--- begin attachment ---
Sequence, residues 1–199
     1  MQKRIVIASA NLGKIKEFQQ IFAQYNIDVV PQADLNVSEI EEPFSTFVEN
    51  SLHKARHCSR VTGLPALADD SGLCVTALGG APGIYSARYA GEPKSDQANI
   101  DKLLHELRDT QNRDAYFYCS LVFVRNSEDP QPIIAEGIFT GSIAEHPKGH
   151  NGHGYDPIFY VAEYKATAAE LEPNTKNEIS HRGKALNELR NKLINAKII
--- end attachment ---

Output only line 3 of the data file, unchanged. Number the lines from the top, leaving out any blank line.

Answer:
    51  SLHKARHCSR VTGLPALADD SGLCVTALGG APGIYSARYA GEPKSDQANI